Most investors would agree that Amazon has been a winner during the COVID-19 pandemic. After all, in two short years from 2019 to 2021, sales soared to $469 billion from $280 billion and their market cap surged towards a $1.7 trillion valuation.
But even the best of companies have had to navigate choppy waters and uncertainty during this time. For Amazon, this has come in the form of cost pressures in their shipping and fulfillment department, which are now representing an increasingly large share of revenues.
Just how large are Amazon’s shipping and fulfillment costs becoming?
In 2021, shipping and fulfillment costs added up to $151.8 billion. Shipping, which includes sortation, delivery centers, and transportation costs amounted to $76.7 billion. Fulfillment costs, which include cost of operating and staff fulfillment centers, were $75.1 billion.
As a result of these trends, Amazon’s shipping and fulfillment expenses now represent 32% of their revenues:
|Year||Cost as a % of revenue|
As you can see, costs are escalating, and today’s figure is almost twice that of the 18% figure seen in 2011.
Amazon Web Services to the Rescue
While these expenses are rising, it’s important to remember that Amazon’s profits are still healthy. They generated $33 billion in profits for 2021. One reason for this is that the majority of Amazon’s profits never came from ecommerce to begin with. Amazon Web Services (AWS), which is a much higher margin segment of their business, accounts for over 50% of their operating profits, but only 13% of their sales.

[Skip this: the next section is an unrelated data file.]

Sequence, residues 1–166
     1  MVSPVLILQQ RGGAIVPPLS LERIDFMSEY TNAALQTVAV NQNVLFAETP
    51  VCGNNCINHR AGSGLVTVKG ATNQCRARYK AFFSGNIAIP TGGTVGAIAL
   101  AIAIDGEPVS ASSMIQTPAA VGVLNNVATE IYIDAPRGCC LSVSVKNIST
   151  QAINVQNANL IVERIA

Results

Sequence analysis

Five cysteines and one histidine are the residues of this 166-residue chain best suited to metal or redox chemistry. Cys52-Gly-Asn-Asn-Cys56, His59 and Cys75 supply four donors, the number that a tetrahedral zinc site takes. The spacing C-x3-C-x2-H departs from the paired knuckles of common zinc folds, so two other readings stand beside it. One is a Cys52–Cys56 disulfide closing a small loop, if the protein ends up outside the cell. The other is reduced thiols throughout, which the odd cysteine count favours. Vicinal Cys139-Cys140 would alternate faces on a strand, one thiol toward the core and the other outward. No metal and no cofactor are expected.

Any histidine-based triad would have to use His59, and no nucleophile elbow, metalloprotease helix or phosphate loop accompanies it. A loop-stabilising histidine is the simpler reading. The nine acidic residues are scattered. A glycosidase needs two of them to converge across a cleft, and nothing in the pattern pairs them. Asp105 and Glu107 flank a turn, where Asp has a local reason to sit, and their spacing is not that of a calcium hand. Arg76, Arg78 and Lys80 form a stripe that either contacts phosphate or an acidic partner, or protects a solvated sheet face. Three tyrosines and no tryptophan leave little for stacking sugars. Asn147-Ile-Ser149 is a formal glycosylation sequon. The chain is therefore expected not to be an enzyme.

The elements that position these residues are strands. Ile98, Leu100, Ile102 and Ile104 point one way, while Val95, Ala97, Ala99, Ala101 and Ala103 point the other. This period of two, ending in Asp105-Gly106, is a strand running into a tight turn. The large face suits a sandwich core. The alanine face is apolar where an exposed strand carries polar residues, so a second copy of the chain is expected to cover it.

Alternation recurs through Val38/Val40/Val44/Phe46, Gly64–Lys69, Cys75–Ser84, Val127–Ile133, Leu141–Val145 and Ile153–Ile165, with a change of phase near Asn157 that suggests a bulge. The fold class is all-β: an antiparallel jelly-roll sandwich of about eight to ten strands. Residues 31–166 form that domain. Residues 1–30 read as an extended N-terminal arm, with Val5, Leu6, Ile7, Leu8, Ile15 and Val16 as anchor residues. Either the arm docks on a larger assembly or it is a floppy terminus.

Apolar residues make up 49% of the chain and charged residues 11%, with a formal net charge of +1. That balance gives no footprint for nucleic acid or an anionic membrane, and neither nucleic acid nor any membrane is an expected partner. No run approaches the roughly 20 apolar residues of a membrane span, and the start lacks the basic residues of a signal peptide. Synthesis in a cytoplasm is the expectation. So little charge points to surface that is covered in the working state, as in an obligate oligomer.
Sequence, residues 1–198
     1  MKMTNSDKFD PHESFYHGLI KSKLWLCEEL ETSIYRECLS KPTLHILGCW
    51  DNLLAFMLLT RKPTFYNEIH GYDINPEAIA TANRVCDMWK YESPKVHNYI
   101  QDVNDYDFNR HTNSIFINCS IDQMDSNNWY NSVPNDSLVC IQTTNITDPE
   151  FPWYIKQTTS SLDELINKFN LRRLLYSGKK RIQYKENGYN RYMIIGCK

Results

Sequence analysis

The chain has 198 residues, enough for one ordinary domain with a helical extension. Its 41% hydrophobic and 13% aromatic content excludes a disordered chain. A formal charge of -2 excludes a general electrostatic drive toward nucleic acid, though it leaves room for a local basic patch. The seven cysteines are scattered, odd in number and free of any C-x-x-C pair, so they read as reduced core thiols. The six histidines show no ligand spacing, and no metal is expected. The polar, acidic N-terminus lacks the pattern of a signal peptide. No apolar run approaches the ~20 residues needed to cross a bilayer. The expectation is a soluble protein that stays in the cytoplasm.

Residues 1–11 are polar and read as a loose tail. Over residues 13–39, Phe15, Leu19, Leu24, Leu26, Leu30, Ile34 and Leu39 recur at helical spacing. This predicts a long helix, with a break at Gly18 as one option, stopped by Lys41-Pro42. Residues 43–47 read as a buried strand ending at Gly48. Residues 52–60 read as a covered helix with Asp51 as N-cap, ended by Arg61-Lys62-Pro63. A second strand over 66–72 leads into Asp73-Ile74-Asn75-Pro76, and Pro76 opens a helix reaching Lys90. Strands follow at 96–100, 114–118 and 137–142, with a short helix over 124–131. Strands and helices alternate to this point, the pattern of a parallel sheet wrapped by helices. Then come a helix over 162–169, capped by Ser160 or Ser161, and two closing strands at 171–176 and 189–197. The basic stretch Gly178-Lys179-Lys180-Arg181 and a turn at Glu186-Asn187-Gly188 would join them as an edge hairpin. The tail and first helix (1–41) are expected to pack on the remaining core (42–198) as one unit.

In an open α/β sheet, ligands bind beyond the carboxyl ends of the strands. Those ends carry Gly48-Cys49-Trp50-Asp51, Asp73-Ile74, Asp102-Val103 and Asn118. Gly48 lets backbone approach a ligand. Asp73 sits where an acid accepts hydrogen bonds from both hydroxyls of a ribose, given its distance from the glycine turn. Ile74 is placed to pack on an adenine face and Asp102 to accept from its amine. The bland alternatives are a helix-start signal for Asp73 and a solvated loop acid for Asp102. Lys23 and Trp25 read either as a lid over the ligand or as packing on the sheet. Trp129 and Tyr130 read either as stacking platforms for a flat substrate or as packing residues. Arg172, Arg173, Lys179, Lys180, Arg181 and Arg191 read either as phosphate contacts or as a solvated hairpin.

AWS is such a profit generating machine that prominent investors have called for Amazon to spin off AWS into its own entity. They argue that pure play technology companies are often assigned a higher equity multiple, and spinning off AWS would be accretive to shareholder value.
Rising Costs to Scale
The $151.8 billion in expenditures towards shipping and fulfillment is absolutely massive. On a per minute basis, this results in $288K per minute in expenses, compared to their $956K in revenue per minute.
Another way to put this gargantuan figure to scale is to remember that this business expense is greater than the equity value of about 90% of all companies in the S&P 500.